Comment: Must Read
How to properly spank a nunhttp://www.sfgate.com/cgi-bin/article.cgi?f=/g/a/2012/04/25/notes042512.DTL&type=printable
Wednesday, April 25, 2012Funny how no one ever talks about the nuns.
I suppose it makes sense. After all, Catholic nuns are so rarely embroiled in sex scandals. They are never caught pants down in the rectory with a 10-year-old altar boy, teaching him of the "mystical secretions" of the Lord. They never cost the church billions in litigious payouts for rape, abuse, millennia of pedophilic atrocity and shame. For that, you gotta look to the priests.
The nuns, they keep to themselves. They work quietly, faithfully in the background, the humble and resolute handmaidens to the patriarchy. If we imagine them at all, we imagine them smacking schoolchildren's wrists with rulers. We imagine them as the Mother Theresa types, ministering to the sick and the infirm, changing the bloody bandages on the soldiers in WWII. We imagine them helping out the Von Trapps.
But until recently, I had not the slightest clue as to what American nuns did all day. Delivering meals to the poor. Knitting giant crucifix cozies. Cleaning up after sloppy priests. Feeding hungry squirrels. Facebooking with angels. No idea.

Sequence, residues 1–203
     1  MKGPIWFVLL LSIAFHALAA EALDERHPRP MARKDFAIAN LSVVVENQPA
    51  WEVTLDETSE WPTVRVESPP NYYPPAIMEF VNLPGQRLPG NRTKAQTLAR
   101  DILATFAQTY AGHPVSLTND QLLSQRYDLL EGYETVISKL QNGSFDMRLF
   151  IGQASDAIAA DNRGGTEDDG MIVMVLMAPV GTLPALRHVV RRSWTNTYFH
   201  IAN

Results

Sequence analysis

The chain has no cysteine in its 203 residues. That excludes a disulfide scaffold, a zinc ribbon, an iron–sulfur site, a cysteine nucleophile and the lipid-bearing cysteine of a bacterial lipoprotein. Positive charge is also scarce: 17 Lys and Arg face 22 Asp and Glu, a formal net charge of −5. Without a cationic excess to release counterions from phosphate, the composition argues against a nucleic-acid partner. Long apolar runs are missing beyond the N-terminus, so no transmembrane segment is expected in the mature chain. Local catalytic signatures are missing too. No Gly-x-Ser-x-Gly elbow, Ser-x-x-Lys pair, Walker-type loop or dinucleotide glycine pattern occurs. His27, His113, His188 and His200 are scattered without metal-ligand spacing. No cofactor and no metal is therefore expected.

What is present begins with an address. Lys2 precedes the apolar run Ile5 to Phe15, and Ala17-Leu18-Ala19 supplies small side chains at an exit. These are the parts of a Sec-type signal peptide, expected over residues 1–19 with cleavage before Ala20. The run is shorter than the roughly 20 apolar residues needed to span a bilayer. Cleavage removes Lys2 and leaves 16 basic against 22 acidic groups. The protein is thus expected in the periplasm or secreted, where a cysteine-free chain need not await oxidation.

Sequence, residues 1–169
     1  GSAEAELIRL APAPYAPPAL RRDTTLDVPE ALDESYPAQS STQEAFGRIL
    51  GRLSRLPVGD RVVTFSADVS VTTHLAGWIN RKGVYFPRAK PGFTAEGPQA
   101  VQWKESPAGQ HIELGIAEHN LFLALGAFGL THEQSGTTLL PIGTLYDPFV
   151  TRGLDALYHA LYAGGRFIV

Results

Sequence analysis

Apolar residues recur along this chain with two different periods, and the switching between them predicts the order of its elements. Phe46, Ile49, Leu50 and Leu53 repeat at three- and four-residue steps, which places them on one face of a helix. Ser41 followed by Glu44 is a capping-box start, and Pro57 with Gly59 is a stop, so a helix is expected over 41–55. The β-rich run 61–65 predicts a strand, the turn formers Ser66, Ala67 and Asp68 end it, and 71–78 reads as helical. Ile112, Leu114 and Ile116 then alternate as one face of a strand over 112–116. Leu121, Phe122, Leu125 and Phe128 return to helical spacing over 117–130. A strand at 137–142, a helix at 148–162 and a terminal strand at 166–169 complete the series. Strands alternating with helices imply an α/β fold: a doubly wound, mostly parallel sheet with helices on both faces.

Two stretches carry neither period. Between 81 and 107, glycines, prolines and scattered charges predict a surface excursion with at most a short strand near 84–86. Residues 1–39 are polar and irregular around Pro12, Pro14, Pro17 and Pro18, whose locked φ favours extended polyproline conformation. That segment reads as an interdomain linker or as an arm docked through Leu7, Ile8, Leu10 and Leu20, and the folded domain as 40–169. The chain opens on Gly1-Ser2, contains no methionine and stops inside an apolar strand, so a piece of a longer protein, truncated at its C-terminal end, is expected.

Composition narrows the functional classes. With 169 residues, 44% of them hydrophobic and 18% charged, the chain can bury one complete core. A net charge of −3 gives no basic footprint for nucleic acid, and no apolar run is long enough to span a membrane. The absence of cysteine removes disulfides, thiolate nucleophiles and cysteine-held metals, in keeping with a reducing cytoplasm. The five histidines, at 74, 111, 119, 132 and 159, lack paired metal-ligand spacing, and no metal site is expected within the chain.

Until now. Until I discovered that a great many American nuns, some 57,000 of them to be exact, they've been actively and frequently pissing off the Vatican, nearly every single day, in all sorts of delightful ways, for years. Isn't that grand?
How are they doing it? Why, the very same way the tastier gender has always annoyed the sour patriarchy: by daring to think for themselves (just a little), by following their own code of conduct, by asking humble but firm questions of the orthodoxy, by pushing back eversoslightly against the dogma the Vatican likes to throw down like stale oatmeal made of concrete and death. Damn fine work, really. I wholly endorse it.
Have you heard? The Leadership Conference of Women Religious, the umbrella group representing those 57K American nuns, they've been accused of having "serious doctrinal issues" and promoting nothing short of "radical feminist themes" (!) which apparently consist of gently supporting Obamacare (free health care for the poor? Nuns are all over it), endorsing the idea of female priests, ministering to the underprivileged and being way too nice to gay people.
Horrible! You can see why the pope is furious. Some nuns are even accused of spending so much time working in local politics to help the needy, they leave themselves no room to bash gay marriage, wail about abortion, attack humanity for enjoying sex, or scold their own gender for having vaginas in the first place. I know! Those wenches.
So now, it's come to this: The men are taking over. The ever-unhappy pope reportedly assigned Seattle archbishop Peter Sartain to whip the LCWR back into shape, reform the entire organization and slap that "radical" feminist agenda right out of their presumptuous little habits. Because that's what the Vatican does.